The U.S. Centers for Disease Control and Prevention has sent additional investigators to Wisconsin to find the source of a blood infection that officials described as the largest outbreak of the bacteria now linked to at least 15 deaths. Wisconsin health officials said on their website Wednesday that the total number of reported cases now stands at 48. Infections were centered in the heavily populated southeastern quarter of the state, including the Milwaukee area and surrounding suburban counties.
Infectious disease specialists expect more infections to be found because health care providers and laboratories have been alerted to look for the bacterium called Elizabethkingia. It is named for Elizabeth O. King, a CDC bacteriologist who studied meningitis in infants.
In the healthcare setting, the bacteria has been isolated in hospital water supplies, sinks, saline solution used for flushing procedures, disinfectants, and medical devices, including feeding tubes, arterial catheters, and respirators, according to the Indian Journal of Critical Care Medicine.
Health officials initially reported the bacterium had been tied to 18 deaths, but the state Department of Health Services revised that figure to 15 late Wednesday afternoon. Agency officials said they couldn’t confirm that one person with Elizabethkingia had died and received duplicative and incorrect reports from various sources. They stressed that it’s not clear whether the infection caused the deaths.
A team of eight disease investigators, including three recently dispatched from the CDC, worked with the state Department of Health Services to interview those infected in 11 southern counties to see if a common source of Elizabethkingia could be found. “We want to get through all of the basic information when memories are still fresh and they remember what they’ve eaten and where they’ve been,” said Michael Bell, the CDC’s deputy director of Healthcare Quality Promotion.
The organism is common in the environment, including water and soil, but it rarely causes infections, Bell said Wednesday. And because the cases tested so far come from the same genetic “fingerprint,” investigators looked for a common source, he added. Bell said the Wisconsin cases are the largest outbreak of Elizabethkingia recorded in published literature. “This is essentially ten-fold in what we expect to see” generally, Bell said.
A variety of potential sources have been tested, including health care products, water sources and food, but none of these have been found to be a source of the bacteria, said Bell whose division is working with Wisconsin health officials. The majority of patients infected are 65 or older with a history of at least one underlying serious illness, according to the state health department. Those who died all tested positive for the infection, but it’s not known if Elizabethkingia caused or contributed to their deaths.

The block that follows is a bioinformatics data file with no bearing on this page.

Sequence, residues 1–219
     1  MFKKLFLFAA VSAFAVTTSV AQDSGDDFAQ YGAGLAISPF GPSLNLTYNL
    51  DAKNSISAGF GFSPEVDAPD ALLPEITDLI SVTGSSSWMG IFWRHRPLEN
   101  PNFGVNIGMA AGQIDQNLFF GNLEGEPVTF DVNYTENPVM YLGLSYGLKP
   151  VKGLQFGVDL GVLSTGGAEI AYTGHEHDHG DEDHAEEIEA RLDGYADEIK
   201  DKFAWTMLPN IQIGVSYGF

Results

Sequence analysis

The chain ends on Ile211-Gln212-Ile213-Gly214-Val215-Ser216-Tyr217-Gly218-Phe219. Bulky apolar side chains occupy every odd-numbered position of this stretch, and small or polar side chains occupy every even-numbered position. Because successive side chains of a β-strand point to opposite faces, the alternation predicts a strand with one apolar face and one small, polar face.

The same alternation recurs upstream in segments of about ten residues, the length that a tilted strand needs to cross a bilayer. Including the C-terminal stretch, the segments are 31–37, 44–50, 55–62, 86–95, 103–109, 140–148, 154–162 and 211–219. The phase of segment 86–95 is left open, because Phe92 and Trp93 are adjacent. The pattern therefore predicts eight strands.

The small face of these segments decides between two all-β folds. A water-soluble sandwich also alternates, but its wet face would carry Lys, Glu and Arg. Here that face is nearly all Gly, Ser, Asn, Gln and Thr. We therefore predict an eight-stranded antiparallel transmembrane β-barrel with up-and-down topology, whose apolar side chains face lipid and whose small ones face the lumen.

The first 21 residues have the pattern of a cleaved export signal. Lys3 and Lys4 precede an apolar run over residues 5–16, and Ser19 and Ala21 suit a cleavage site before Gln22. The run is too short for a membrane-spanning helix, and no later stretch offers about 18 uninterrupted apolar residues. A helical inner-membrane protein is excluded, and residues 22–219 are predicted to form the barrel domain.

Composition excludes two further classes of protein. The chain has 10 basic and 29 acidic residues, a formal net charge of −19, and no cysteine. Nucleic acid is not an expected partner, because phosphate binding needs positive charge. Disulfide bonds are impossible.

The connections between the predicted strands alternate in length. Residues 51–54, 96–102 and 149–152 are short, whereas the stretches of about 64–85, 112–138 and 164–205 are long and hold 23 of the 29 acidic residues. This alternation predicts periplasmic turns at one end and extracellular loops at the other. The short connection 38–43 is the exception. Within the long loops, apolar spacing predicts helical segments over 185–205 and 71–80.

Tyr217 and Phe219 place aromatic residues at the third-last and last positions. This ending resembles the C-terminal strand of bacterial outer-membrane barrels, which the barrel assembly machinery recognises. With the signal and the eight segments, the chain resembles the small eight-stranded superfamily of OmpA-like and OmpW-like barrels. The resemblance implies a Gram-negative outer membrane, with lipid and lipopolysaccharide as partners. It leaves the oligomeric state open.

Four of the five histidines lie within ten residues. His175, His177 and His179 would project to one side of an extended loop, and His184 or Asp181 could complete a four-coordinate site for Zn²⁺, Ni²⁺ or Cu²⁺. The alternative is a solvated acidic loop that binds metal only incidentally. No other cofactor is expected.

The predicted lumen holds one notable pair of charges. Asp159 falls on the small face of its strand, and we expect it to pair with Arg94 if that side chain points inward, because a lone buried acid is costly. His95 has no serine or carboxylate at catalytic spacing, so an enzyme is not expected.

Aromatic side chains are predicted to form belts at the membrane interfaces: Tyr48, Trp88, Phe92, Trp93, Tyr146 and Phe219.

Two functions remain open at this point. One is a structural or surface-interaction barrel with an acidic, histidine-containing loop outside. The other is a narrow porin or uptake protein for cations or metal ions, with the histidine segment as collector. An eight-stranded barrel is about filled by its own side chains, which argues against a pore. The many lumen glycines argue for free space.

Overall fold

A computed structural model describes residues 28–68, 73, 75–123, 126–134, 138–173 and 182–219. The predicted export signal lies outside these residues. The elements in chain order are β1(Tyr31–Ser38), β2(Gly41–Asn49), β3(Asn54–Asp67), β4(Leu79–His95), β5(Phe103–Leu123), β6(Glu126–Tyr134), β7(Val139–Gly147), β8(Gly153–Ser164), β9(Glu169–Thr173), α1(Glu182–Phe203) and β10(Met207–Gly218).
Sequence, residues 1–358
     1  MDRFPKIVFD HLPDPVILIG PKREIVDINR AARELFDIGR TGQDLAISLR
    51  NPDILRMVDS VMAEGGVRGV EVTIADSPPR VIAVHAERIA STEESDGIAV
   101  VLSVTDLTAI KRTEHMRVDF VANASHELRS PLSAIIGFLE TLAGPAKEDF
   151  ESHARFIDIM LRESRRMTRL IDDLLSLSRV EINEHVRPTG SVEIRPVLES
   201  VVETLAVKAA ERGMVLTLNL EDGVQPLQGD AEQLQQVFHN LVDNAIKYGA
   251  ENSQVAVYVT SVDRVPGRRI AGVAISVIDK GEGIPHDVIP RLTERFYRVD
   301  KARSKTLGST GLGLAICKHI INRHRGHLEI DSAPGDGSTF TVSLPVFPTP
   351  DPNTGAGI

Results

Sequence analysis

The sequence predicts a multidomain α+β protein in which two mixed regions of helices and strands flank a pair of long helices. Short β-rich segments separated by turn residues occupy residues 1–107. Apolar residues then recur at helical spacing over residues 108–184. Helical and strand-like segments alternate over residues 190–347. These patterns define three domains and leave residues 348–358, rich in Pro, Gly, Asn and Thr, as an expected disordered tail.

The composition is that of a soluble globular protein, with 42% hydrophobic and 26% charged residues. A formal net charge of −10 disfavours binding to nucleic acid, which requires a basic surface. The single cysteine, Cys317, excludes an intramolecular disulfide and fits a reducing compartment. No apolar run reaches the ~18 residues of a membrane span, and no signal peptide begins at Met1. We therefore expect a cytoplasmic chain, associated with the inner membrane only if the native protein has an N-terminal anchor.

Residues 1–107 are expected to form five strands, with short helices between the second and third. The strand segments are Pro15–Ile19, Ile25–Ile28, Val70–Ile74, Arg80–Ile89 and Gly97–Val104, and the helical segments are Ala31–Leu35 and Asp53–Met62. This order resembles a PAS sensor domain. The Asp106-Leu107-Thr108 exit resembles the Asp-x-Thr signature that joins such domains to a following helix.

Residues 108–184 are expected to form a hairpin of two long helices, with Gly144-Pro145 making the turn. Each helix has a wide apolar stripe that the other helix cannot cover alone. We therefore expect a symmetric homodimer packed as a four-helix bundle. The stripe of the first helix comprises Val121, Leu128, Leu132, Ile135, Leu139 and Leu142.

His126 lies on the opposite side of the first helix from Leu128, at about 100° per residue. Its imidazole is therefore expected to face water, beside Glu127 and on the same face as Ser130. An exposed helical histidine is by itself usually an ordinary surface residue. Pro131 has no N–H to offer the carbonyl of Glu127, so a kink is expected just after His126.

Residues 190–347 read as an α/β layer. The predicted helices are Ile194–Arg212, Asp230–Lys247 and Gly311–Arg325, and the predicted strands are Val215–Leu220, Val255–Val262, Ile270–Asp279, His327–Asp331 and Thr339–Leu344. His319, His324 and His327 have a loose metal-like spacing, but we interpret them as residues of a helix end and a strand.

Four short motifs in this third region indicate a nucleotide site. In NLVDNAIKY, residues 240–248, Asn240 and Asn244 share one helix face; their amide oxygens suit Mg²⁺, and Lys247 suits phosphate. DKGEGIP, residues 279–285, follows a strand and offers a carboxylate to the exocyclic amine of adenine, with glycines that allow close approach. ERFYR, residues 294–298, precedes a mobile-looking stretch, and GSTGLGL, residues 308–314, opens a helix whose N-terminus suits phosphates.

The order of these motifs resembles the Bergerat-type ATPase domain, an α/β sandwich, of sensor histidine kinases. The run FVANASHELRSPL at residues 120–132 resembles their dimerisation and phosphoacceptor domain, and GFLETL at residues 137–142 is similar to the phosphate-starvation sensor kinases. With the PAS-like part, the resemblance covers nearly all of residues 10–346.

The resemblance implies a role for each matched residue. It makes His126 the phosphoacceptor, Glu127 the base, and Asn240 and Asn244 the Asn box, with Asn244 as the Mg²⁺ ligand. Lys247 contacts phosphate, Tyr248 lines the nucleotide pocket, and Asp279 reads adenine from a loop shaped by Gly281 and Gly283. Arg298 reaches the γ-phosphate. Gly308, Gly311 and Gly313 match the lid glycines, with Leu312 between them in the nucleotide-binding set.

Dr. Nasia Safdar, University of Wisconsin-Madison associate professor of infectious disease, said she has seen sporadic cases of the infection since she began studying diseases in 2003, but nothing like this. “It’s strange in that so many people are involved. It’s a large outbreak for this type of bacteria,” she said.
Generally, each state sees about five to 10 cases of the bacteria per year, according to the CDC. Safdar said it was likely additional cases will be found because health care providers and labs are now more vigilant since the outbreak was initially reported. Not all of those infected have recently been in the hospital, where it would typically be transmitted through a device or equipment such as a contaminated sink used by numerous people, Safdar said.
“Usually it would be in a hospital setting where a susceptible population would exist,” she added.
In the healthcare setting, the bacteria has been isolated in hospital water supplies, sinks, saline solution used for flushing procedures, disinfectants, and medical devices, including feeding tubes, arterial catheters, and respirators, according to the Indian Journal of Critical Care Medicine. The organism can survive in chlorine-treated municipal water supplies, often colonizing sink basins and taps, intubation tubes, humidifiers, incubators for newborns, ice chests and syringes, and has become a potential reservoir for infections in the hospital environment.
State health officials were first notified of six cases between Dec. 29, 2015, and Jan. 4, 2016, and alerted health care providers and laboratories statewide of the presence of the bacteria. After the initial cases were reported and state health officials notified local partners, the number of cases began to grow steadily with one dating back to November 2015. Symptoms include fever, shortness of breath, chills or skin rash, health officials said.